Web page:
An adjudicator with the Tenancy Deposit Scheme has given advice on how to avoid disputes over gardening this summer.
Writing on the ARLA website adjudicator Michael Hill reveals that last year there were no fewer than 2,000 disputes in which gardening was cited as at least one part - that’s about 16 per cent of all tenancy deposit deduction disputes.
He says some of the disputes come about because of uncertainty over the meaning of the word ‘tidy’ - as in, the broad expectation that tenants will eventually exit the property and leave the garden in a ‘tidy’ condition.
Hill advises that tenancy agreement clauses should detail:
" - Which areas of the garden the tenants are responsible for, such as; the front garden, rear garden and any side alleys;
" - Which areas fall outside of the tenant’s remit, such as maintenance of large and independent trees or plants;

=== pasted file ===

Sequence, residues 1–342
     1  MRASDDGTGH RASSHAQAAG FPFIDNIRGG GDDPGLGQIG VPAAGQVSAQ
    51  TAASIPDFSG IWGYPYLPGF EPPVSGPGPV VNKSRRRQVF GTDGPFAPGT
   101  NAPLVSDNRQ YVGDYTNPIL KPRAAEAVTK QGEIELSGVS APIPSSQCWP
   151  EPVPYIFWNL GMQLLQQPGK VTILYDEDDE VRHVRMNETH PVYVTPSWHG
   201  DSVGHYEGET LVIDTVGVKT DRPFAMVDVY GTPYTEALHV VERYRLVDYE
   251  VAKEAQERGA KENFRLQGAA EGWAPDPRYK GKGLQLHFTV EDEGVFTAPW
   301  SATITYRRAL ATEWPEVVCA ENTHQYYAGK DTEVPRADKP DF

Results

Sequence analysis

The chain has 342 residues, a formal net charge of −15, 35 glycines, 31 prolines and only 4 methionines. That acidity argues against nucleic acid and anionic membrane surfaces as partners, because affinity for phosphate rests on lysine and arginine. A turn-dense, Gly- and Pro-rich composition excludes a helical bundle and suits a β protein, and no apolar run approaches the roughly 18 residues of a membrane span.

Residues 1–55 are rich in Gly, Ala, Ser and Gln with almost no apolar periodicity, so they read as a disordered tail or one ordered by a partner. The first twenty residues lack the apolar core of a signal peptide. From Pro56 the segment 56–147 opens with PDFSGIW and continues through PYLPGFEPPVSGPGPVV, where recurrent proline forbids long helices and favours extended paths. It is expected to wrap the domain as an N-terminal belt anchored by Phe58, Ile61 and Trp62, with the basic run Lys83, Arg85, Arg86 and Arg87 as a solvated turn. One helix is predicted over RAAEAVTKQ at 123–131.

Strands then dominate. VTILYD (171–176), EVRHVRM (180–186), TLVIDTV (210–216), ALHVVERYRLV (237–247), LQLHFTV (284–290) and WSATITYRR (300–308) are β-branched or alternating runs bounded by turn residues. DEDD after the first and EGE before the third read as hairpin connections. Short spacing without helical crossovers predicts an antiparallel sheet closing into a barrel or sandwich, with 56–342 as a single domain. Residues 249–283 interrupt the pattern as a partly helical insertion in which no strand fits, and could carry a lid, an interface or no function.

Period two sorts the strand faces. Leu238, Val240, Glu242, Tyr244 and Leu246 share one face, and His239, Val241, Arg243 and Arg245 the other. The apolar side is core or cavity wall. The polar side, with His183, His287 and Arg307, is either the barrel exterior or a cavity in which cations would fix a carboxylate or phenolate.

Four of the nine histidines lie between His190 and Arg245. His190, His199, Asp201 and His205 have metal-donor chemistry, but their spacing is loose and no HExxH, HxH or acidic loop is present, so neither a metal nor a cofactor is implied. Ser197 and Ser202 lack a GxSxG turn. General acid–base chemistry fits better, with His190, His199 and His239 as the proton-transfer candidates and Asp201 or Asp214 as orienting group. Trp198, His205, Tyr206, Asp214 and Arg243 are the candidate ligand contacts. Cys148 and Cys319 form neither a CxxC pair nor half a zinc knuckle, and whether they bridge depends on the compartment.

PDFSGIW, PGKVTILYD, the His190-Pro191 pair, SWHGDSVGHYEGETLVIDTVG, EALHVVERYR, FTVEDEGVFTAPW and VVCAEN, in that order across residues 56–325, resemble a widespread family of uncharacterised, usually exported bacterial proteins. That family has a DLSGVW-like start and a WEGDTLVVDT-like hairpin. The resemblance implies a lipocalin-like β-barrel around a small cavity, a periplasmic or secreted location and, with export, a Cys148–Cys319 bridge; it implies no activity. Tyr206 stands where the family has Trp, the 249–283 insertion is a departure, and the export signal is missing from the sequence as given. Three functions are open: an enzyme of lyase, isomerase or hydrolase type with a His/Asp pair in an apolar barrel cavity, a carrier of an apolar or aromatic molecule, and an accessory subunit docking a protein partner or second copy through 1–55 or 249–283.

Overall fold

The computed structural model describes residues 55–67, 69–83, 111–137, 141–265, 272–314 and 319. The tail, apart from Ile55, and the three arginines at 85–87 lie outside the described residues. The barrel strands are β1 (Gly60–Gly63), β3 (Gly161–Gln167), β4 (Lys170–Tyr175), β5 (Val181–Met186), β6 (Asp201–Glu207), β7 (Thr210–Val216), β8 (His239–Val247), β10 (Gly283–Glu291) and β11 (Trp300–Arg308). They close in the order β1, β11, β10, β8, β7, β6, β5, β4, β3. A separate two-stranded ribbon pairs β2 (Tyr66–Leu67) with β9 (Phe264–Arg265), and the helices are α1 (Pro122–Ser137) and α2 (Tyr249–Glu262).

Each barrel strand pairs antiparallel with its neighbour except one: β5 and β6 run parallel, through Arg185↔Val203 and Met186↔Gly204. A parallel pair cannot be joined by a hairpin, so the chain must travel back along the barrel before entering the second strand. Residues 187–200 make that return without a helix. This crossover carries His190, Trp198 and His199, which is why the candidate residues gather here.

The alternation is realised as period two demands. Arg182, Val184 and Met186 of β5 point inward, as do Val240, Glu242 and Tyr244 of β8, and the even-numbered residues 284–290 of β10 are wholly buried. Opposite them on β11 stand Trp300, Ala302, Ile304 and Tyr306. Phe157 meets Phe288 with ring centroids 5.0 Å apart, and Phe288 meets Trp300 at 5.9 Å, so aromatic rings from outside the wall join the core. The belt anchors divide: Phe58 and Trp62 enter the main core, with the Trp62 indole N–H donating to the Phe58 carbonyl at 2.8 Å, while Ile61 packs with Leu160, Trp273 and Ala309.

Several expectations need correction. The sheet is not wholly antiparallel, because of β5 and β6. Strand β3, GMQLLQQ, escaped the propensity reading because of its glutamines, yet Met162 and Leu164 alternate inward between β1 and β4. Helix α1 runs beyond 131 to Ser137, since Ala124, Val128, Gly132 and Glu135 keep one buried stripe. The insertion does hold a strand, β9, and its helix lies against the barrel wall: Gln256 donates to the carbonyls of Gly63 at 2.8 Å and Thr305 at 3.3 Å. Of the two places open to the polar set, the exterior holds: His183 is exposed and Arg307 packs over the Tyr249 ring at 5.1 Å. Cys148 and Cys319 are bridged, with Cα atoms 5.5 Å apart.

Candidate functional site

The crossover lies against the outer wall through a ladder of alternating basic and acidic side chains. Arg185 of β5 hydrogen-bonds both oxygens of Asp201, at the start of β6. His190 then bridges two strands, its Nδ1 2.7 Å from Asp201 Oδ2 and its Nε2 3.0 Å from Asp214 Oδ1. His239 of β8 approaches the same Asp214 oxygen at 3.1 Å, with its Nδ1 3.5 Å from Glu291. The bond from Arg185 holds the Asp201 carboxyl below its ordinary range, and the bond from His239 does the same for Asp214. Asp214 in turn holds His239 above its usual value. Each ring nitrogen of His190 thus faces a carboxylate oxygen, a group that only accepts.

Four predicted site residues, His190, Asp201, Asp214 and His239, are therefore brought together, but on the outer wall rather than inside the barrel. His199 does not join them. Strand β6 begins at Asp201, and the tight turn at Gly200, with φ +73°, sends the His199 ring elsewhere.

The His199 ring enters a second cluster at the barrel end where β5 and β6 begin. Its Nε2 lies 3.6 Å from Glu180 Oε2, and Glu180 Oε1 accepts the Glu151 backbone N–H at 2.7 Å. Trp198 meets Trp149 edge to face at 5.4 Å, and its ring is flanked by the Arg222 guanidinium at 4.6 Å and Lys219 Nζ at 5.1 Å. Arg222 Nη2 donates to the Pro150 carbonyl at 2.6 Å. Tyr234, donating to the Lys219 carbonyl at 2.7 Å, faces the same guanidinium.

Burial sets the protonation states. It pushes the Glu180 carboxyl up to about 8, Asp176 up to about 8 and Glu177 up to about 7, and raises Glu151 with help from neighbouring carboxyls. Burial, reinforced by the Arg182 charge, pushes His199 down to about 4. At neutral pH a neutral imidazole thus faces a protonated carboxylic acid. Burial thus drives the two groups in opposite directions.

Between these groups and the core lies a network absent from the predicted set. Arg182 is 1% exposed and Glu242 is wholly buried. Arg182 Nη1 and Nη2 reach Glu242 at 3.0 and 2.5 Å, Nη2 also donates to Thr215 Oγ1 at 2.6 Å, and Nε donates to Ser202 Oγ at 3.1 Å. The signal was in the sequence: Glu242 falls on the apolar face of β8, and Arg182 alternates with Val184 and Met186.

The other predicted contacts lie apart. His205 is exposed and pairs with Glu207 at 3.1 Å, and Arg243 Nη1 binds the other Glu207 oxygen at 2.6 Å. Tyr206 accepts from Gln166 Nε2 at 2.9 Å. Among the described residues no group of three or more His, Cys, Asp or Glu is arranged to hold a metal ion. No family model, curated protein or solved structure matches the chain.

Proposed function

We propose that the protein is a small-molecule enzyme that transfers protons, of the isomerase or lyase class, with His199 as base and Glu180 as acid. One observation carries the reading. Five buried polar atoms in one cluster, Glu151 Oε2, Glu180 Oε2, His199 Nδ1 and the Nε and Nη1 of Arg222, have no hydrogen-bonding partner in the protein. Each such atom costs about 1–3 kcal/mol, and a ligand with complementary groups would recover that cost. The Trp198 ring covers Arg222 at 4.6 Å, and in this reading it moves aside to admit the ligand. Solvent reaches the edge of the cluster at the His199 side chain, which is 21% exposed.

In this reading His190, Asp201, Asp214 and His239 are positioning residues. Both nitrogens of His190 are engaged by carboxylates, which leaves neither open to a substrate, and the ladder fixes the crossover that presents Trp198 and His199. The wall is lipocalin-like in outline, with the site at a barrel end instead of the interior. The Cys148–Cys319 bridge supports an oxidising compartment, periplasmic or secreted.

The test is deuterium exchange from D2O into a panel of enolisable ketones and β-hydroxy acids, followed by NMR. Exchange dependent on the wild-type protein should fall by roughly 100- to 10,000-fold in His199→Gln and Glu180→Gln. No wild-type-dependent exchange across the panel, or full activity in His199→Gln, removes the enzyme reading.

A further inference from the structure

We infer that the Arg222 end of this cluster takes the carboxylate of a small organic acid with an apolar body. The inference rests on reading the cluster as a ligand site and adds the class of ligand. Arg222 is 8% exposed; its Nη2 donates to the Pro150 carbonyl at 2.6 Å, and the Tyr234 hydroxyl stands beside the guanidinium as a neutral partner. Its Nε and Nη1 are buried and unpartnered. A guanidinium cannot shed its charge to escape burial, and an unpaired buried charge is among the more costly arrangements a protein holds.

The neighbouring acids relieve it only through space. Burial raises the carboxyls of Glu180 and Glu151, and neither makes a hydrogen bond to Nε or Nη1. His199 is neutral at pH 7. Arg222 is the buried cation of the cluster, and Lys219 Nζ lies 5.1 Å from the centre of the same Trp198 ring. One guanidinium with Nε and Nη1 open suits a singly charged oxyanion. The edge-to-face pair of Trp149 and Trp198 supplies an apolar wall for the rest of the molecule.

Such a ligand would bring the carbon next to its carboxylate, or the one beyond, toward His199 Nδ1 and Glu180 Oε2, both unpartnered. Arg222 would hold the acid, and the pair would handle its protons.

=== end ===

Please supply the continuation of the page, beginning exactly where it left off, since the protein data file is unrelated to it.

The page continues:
" - What state the tenant is to return the garden in – this is most likely expected to be a well-maintained state, similar to how it was at the start of the tenancy;
" - Specifically detail whether tenants must take responsibility for cutting the grass, tidying flowerbeds, and sweeping up leaves.
In addition, to minimise the risk of gardening-related disputes Hill recommends:
“ - Ensuring your tenancy agreements contain a detailed and specific clause relating to maintenance of the garden and outside areas;
“ - Taking into account the season which the tenant moves in and out of the property and how you would expect the garden to have been returned in these circumstances;
“ - Ensuring any claim proposed against the tenant’s deposit is fair and reasonable."